It would be interesting to know exactly what Alberto said about the frame. Although it is well known that information from those sources are often either romanticized or just plain incorrect, it would be helpful.
Regarding the components that were used to comstruct the frame, I differ from your opinion, with all due respect. The milled seat stay plugs for example, I've seen on other Italian Masis of the period; specifically early Masi prestige frames used the same plugs in addition to post 1974 or so Italian GC's. It is very unlikely that Faliero did one set or even a few just for special occassions. Even if he did it would be no problem to hand a pair to a contractor and tell them to use them on a certain bike. I suspect the plugs were engraved by a company who did parts milling for everyone when pantagraphing parts was still in style. Shortly after that the plugs were IC as opposed to machined and milled for decoration. The lugs and fork crown did not require any real "finishing" work, only the BB shell had to be filed on that frame; aside from that there is no other "traditional" work required on that bike. I would be inclined to go the opposite of your guess that Faliero did the brazing, if he did anything at all. Brass brazing a lugged frame is the most touchy operation of the framebuilding process, one that Faliero did not keep up on I'm pretty sure. You probably would not want a frame built by a 70 year old man who was just brazing a frame here and there. It takes practice to maintain that skill at a high level and produce consistant results. I really doubt Faliero was doing that, especially since it is SO easy to tell a contractor what you want and have them hand it to you when it's done. What happened when one of Falieros' buddies wanted him to "build them a frame" was you go to the shop and have Masi measure you and put on the "dog and pony show" in grand Italian style for you. That is what Faliero (and Alberto) have been doing for years. You get the benifit of their experience and resources and you get the pleasure of their company for a while. When the bike is done and is finally done at the painter, Faliero would assemble your bike personally; and that is having Faliero build you a frame.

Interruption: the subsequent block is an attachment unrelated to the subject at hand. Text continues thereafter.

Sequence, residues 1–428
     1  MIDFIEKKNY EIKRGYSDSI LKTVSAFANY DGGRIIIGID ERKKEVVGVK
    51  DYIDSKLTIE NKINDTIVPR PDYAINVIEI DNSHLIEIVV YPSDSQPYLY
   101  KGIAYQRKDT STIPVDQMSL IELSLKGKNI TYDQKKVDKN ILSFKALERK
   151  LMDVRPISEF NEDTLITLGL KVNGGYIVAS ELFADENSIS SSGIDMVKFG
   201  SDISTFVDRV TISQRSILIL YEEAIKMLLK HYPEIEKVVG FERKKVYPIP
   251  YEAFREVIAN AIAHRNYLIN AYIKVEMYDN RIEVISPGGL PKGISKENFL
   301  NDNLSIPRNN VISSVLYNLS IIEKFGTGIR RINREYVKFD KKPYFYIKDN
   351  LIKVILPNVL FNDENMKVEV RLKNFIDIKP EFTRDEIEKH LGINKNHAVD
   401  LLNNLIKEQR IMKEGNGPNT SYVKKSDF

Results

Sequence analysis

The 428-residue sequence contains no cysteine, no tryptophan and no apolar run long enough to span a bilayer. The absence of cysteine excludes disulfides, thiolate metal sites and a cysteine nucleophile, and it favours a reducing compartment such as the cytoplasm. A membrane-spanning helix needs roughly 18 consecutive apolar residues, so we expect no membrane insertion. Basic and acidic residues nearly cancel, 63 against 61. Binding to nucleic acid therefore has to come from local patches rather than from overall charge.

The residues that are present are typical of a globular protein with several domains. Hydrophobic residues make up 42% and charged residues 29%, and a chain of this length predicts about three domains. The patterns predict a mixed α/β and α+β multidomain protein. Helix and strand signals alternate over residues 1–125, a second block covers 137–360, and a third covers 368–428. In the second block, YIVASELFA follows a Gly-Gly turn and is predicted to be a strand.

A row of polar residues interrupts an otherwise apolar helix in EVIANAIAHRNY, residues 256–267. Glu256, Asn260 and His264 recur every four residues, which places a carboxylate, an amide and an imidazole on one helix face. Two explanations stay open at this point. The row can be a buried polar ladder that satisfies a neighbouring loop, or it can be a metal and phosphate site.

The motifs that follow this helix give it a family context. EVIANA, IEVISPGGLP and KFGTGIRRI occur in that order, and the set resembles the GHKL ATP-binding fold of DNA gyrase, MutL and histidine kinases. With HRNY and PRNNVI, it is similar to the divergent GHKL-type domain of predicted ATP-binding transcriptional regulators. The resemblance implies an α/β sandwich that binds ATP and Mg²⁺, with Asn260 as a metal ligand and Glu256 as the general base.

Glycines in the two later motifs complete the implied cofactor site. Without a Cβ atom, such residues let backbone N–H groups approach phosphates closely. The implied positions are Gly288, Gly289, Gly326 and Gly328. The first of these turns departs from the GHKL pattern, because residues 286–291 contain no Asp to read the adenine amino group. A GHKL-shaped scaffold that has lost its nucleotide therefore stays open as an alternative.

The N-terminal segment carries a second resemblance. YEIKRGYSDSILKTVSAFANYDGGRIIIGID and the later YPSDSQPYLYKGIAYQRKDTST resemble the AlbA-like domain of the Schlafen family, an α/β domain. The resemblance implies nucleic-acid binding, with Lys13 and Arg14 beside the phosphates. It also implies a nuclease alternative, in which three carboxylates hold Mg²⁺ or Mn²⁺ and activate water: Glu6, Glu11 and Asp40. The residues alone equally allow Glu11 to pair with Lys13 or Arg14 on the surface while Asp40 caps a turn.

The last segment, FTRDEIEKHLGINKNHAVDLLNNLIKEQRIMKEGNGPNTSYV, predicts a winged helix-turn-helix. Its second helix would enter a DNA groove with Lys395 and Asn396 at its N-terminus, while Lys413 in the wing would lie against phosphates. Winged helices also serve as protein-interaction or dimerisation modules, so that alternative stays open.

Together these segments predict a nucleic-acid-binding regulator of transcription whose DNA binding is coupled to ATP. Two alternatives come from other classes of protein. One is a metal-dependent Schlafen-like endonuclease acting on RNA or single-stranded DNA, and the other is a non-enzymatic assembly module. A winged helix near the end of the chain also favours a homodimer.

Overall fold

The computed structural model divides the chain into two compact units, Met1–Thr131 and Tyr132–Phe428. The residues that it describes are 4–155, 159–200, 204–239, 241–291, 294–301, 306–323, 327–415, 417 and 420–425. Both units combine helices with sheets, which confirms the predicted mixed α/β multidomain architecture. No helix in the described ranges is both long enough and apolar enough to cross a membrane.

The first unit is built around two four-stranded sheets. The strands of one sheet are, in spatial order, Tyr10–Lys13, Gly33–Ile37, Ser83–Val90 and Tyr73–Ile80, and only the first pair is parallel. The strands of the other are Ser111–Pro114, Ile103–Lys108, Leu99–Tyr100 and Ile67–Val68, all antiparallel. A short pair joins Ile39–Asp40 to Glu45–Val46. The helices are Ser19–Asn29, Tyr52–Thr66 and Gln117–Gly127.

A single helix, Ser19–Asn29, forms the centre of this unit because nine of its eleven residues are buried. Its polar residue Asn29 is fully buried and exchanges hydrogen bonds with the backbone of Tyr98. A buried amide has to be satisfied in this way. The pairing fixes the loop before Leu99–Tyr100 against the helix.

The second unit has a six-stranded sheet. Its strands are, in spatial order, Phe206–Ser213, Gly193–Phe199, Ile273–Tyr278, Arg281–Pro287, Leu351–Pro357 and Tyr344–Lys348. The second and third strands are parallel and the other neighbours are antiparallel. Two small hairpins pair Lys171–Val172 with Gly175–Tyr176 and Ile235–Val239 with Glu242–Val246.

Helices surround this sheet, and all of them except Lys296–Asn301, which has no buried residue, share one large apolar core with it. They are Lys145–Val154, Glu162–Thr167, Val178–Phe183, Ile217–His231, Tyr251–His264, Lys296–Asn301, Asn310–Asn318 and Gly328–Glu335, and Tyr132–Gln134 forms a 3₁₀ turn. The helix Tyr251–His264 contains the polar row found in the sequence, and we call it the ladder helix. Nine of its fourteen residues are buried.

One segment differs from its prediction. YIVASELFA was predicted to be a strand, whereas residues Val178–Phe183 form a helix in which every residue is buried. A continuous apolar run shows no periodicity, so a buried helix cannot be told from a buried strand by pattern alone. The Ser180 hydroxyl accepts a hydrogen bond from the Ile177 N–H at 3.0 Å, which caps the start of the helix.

I don't question that the bike is somewhat rare since we haven't seen any here. The reason is that the frames were not allowed to be sold in the US. Faliero (or somebody) obviously made enough of those frames to justify a specific decal set for Falieros' side project, so to speak. Again, I'm reasonably sure Faliero didn't build enough bikes himself to justify a specific decal set. Even 100 decal sets is chicken feed for a decal maker; there were more likely 500 to 1000 sets printed.
Don't forget there was a rift between Faliero and Alberto on account of Faliero making a deal that cut off Albertos' biggest potential market, the US. I feel that the "Faliero Masi" frame probably reflected the seperateness of the two parties at the time, even though the Italian GC from Alberto and the Faliero frames are nearly identical. It is not unreasonable to assume that the frames were made by the same contractor(s).
I suspect that if someone has an Italian Masi from about 1975 to 1977 they will probably see a frame pretty much like the one Matteo has. There will not be many in the US, so they will most likely turn up in Europe somewhere. Anyone have any examples of Masis from that time period? I have seen an older Masi (mid 60's I think) that had been repainted in Italy and was fitted with the "Faliero Masi" decal set. Again, probably a buddy of Falieros' who sent the bike in for refinishing and it came back with the FM decals.
This part is difficult to explain and it may not be useful, but I still have an impression from when I was working at Masi and Faliero was there. Faliero had already put in his time and made his mark by 1973. He no longer had to build frames. As long as it was done his way, it was a Masi. I honestly don't think he was in the framebuilding mode at age 65+, even for an occassional situation. The only framebuilding operation Faliero did during the time I was there was to bend forks. He loved to do it for some reason. He would actually put his full weight on the breaker bar that extended about 2 or 3 feet past the steerer and bend the fork at the crown for some extra rake that would not be visible in the blades. Most of the time Masi assembled the completed bikes and that's about all. He was not in poor health to my knowledge, but his body was not fit for the rigors of daily framebuilding. I've been feeling my wear and tear for a few years now and I'm only 50. At 65 I really doubt that Faliero had any interest in building the bikes; there were too many people that could and would do it quicker and better and do it at a price that he could make money on without doing anything. I still say that odds are heavily in favor of Faliero not having any hand in building the frame. It is a feeling I get from knowing what it takes to build frames and knowing what stage of life Faliero was in shortly before the frame was probably made.